Finally, be sure to wipe the slate clean after each interaction with a customer. There will definitely be moments where you may need to take a deep breath before helping someone else. Just make sure that you do not take out a prior bad experience on someone else who had nothing to do with it.
2. Listen and Understand
Have you ever asked someone for help, and they ended up not even addressing your problem? Just how frustrated did you feel after they gave you an answer to what they assumed you were going to ask?
When someone comes to you for help, make sure that you listen to their problem and the solution they are expecting to occur afterwards. After they finish telling you the problem, make sure that you can re-word the problem and say it back to the customer. This will show the person that you understand what they are saying, and also allow you to get more details about the problem.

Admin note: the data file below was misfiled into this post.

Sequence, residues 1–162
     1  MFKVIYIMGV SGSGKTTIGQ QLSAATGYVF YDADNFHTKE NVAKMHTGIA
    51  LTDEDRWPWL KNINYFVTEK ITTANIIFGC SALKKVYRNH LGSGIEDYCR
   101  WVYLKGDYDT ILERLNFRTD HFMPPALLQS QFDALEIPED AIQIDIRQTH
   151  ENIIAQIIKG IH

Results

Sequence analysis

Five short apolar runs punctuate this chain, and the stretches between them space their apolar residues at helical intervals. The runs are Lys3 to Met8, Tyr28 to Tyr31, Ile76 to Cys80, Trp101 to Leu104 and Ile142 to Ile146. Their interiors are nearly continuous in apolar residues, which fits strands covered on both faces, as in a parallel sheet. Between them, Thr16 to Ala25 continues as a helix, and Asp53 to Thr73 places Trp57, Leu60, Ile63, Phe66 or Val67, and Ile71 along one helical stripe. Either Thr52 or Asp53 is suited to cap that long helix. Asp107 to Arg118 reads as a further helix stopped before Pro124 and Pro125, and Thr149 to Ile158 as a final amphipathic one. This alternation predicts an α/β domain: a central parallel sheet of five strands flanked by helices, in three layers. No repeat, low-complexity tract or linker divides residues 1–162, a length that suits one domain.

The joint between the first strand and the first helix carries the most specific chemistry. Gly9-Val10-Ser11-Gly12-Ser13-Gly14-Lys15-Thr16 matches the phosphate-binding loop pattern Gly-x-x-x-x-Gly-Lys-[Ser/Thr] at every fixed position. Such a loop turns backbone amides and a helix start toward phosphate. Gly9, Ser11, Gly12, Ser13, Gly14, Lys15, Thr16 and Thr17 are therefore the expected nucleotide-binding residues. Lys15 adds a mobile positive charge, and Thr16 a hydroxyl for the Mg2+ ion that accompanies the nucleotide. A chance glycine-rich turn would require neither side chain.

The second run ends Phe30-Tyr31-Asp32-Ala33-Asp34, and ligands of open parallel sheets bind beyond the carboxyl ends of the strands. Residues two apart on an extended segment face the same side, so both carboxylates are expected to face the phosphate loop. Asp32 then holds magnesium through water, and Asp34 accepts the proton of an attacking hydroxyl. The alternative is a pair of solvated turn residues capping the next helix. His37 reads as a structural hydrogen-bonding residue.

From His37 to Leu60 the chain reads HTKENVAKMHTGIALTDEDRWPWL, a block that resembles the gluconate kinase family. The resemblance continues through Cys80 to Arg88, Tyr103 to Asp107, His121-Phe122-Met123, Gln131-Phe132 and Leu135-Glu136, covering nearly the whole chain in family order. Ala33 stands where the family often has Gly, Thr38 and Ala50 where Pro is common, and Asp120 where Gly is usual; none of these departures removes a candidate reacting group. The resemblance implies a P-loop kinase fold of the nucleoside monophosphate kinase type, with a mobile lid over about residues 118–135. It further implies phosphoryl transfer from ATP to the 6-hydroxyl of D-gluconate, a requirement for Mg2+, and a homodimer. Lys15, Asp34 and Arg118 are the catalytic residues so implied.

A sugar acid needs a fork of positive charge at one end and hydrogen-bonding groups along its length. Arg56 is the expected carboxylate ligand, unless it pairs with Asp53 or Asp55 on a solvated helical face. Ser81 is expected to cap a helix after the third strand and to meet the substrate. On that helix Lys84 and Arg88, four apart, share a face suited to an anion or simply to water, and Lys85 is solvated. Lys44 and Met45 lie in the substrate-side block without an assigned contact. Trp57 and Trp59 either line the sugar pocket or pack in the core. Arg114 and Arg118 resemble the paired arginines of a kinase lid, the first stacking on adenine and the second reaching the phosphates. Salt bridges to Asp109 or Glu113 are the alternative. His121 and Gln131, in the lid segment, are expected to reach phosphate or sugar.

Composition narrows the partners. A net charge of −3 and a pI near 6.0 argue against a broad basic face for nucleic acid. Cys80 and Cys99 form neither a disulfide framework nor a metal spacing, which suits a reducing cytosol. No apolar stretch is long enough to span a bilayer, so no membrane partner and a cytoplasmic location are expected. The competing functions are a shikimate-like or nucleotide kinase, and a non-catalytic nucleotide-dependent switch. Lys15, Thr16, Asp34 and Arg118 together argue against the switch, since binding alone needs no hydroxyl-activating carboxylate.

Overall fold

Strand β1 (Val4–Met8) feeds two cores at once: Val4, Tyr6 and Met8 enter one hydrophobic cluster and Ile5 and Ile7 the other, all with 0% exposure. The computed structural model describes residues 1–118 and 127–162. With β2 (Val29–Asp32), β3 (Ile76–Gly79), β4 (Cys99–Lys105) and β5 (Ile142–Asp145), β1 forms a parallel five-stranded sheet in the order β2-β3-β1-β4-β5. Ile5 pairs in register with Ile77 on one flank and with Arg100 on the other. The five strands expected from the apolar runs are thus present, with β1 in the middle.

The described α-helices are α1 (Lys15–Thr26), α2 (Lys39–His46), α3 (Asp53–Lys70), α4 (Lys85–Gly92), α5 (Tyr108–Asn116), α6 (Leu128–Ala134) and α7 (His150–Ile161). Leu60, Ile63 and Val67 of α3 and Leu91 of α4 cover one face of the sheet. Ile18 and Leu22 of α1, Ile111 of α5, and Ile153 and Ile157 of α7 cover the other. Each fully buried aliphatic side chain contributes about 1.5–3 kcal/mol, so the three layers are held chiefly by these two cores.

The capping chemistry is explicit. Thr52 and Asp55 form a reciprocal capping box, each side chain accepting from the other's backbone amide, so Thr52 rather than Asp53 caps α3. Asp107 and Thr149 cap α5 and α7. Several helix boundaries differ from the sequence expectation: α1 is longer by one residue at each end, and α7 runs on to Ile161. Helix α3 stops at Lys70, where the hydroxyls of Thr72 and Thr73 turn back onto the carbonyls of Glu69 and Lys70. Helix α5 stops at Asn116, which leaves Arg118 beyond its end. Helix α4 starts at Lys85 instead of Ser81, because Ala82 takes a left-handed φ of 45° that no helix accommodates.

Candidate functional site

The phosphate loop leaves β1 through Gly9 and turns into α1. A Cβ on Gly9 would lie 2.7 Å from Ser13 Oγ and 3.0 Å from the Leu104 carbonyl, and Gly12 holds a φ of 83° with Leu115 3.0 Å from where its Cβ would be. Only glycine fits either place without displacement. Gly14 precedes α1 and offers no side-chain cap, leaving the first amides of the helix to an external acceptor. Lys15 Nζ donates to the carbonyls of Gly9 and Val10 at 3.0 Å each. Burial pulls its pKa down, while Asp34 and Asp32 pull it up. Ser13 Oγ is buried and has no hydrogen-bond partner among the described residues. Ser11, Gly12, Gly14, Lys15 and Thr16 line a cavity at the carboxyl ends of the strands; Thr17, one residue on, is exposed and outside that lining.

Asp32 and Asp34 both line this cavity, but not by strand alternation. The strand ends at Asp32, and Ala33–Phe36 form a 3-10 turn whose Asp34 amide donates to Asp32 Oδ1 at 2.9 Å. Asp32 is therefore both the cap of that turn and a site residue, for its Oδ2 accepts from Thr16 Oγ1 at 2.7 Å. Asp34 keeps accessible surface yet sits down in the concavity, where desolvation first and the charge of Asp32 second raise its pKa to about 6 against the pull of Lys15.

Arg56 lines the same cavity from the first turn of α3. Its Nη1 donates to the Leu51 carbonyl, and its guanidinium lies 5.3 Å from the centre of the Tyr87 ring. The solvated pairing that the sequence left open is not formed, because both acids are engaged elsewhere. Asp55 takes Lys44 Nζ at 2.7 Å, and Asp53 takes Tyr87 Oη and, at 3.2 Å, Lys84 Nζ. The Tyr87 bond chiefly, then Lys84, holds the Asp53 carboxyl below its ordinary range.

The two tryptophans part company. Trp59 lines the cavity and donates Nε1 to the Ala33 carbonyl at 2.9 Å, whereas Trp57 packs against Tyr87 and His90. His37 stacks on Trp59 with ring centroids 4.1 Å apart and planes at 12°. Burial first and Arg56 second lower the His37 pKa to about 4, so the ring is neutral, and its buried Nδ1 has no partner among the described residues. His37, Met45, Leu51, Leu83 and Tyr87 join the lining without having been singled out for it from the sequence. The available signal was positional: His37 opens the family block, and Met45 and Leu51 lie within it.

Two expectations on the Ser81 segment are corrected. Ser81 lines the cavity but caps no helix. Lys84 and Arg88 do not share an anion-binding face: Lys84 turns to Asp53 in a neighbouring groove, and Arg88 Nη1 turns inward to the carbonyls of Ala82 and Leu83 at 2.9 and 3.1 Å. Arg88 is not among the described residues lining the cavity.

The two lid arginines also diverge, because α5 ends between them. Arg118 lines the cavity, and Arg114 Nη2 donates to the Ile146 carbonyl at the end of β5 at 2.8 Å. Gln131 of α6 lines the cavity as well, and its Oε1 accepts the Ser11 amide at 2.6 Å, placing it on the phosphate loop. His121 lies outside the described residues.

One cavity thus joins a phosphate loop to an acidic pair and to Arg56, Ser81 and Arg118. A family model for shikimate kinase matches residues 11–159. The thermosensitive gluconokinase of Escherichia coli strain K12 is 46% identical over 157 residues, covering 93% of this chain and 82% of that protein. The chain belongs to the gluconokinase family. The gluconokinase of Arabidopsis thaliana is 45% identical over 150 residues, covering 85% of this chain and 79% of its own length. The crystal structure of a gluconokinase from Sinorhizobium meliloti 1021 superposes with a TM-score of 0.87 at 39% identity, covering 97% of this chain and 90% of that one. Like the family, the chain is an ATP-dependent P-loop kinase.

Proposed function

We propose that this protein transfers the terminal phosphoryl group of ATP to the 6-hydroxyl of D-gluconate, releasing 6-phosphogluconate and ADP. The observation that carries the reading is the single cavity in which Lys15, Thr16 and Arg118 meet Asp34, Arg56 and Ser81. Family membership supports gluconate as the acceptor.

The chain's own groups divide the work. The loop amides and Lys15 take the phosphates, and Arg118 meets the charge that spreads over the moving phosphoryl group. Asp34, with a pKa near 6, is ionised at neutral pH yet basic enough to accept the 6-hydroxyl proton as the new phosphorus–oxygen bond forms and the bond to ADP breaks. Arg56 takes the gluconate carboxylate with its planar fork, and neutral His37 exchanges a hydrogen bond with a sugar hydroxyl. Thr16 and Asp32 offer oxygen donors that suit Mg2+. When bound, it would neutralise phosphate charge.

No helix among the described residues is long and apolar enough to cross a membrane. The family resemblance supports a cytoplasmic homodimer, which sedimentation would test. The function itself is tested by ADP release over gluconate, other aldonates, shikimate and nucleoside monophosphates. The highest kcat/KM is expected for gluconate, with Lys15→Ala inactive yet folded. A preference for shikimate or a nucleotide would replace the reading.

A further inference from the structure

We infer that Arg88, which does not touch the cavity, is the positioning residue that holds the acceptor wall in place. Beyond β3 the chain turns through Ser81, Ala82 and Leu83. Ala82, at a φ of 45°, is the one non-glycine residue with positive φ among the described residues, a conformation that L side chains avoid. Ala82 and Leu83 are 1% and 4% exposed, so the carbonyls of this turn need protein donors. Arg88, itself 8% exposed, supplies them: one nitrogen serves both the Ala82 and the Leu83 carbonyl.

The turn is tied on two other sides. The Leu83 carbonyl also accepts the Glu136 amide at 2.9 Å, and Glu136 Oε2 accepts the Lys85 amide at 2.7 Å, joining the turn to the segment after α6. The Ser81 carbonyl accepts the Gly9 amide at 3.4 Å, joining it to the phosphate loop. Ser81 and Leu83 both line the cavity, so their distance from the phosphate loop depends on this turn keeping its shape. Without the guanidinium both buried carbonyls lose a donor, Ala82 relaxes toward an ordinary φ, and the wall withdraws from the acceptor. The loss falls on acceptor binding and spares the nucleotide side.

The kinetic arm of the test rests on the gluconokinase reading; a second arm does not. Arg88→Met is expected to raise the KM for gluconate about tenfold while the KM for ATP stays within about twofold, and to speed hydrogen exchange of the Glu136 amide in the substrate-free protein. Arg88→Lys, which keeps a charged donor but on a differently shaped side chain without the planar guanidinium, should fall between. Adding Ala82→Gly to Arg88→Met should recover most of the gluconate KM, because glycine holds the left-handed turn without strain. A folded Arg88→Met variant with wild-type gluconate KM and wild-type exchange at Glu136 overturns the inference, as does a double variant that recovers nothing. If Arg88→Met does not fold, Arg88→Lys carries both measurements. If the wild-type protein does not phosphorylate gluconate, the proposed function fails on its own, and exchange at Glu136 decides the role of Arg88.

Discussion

If someone is upset, it is best to let them vent first before trying to offer any suggestions about how they can address the problem. Allow people to have a chance to tell their story, and then let them know what you can do to help them out in the long run. In most cases, people will realize just how upset they sound as you sit back and allow them to speak.
3. Use Your Resources
One of the most dangerous things you can do as a customer service professional is to give someone an answer that you are not sure is the right answer. If it turns out to be false, your credibility and that of the company are in jeopardy.
The way to avoid putting yourself in this position is to use your resources as best as you can before giving someone a definite answer. Your resources can be anything from company documents to memos to training manuals to the co-workers around you. At no point should you be ashamed to ask someone else a question if it means getting the customer the right answer.